No, it is not Lasith Malinga’s ankle or his wobbling mid gut. It is not the protruding sides of Thisara Perara. It is not the hamstring that woke Dinesh Chandimal up from his world cup dream. It is not Dhammika Prasad’s or several other Sri Lankan players’ niggles and injuries that cruelly ended their day at the big stage. It is the Sri Lankan Cricket Board that is broke and broken, yet continue to be run by a group of individuals who do not seem to be held accountable for their misdeeds. If the replacement rate of failed openers in the Sri Lankan teams is anything to go by, every one of twenty million Sri Lankans has a shot at becoming the president of Sri Lanka Cricket. Yet the board officials, unlike the cricketers, are held to a very different standard by the cricketing public for no good reason.
Mismanaged boards and their accounts are not uncommon among the top cricket playing nations-just ask a Caribbean player. Cricket boards of Zimbabwe, Pakistan and South Africa (in the past) are marred with disputes and at times with empty coffers. Even the cricketing financial giants are no strangers to controversy. While most other nations’ cricket board troubles are heard on global stage and more importantly reflected in their respective teams’ performances, SLC manages to sneak under the radar without batting many eyelids. Just like their team at global tournament, SLC somehow manages to scrounge up the cards to sit at the big table.
It is no secret that the SLC is bankrupt, makes shady deals to elect their officials and constantly struggles to meet the needs of their national players, let alone the domestic cricketers. Almost every other national player has a Cinderella story, at times literally; at some point in their careers some of these players have worn someone else’s shoes. They have played with a borrowed kit while spending the night in another player’s parents house. It is a small miracle that the Sri Lankan team continues to produce top quality cricket and cricketers. It is a bigger miracle how the administrators manage to get away with their inefficiencies, inadequacies and a long list of other “in ….”s for this long.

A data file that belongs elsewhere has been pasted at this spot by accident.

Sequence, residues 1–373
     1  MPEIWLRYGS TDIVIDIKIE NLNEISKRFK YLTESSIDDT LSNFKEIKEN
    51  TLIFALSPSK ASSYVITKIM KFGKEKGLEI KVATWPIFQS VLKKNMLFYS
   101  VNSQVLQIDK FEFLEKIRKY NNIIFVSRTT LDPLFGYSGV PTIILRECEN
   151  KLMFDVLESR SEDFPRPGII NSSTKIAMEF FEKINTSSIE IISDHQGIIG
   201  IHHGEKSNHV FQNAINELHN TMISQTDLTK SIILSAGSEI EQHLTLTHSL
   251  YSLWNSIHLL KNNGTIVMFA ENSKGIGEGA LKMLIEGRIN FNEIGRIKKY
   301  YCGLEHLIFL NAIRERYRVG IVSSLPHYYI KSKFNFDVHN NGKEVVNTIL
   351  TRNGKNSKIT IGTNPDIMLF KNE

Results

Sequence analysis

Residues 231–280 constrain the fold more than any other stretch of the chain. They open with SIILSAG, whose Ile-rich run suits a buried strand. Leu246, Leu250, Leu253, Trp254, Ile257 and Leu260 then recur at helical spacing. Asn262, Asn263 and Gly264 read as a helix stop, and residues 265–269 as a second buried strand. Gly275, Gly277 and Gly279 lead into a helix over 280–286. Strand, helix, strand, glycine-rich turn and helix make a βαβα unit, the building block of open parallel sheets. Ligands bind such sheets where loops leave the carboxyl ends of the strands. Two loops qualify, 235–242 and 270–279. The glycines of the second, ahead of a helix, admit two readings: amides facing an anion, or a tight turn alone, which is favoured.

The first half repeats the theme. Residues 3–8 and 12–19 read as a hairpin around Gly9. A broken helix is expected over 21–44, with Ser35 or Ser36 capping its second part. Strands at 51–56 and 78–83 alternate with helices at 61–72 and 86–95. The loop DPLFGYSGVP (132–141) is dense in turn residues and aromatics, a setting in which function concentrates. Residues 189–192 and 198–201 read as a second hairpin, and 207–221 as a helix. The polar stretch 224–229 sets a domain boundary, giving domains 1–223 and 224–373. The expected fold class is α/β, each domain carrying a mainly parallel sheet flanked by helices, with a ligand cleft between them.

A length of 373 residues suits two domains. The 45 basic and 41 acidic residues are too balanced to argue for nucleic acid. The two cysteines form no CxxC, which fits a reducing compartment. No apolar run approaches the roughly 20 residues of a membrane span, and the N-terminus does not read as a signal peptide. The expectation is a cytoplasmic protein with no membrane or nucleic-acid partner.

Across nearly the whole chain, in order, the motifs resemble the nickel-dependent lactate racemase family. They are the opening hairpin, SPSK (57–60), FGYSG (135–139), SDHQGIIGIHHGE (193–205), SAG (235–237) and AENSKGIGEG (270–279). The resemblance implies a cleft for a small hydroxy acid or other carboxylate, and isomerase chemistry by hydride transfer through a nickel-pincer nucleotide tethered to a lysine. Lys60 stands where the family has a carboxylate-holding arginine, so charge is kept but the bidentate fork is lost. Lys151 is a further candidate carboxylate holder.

When Lasith Malinga decided to chose IPL over his local Twenty20 team, the whole country was up in arms. He became a “parayah” and the cricketing pariah of mother Lanka. But one only has to dig a little deeper to understand the sentiment that must have driven Malinga to make such decisions. Hundreds of young, talented aspiring cricketers like Malinga, specially from social and economic backwaters, rarely are rewarded for their exceptional talent early in their careers. Malinga got lucky, while many just wilt under the hot Sri Lankan sun.
Sri Lanka may or may not make it past the quarterfinals in this world cup. But they have proven time and again that they belong at the top and have the talent and class to match the world’s best. One only has to imagine what they will do if every bit of talent around the country is properly harnessed and given a secure platform to develop their game. Despite the lack of coaching and proper structure working in Sri Lanka’s favor to produce unorthodox talent, it is time to hold the board accountable for continuing fail at building a strong domestic circuit— an absolute necessity if Sri Lanka are to become a true global force in cricket and not go into every world tournament with odds heavily stacked against their favor. Almost-unpaid Sri Lankan cricketers winning the World T20 is an example one too many.
It is time SLC is held accountable and become the transparent and professional entity that it is supposed to be. It is time for the cricketing public at home and abroad to ask serious questions from the board officials. To start off, it is time to turn those memes and cartoons to probe the board officials, instead of castrating the players who took measures to make sure they will never have to worry about shoes again — #substitute SLC.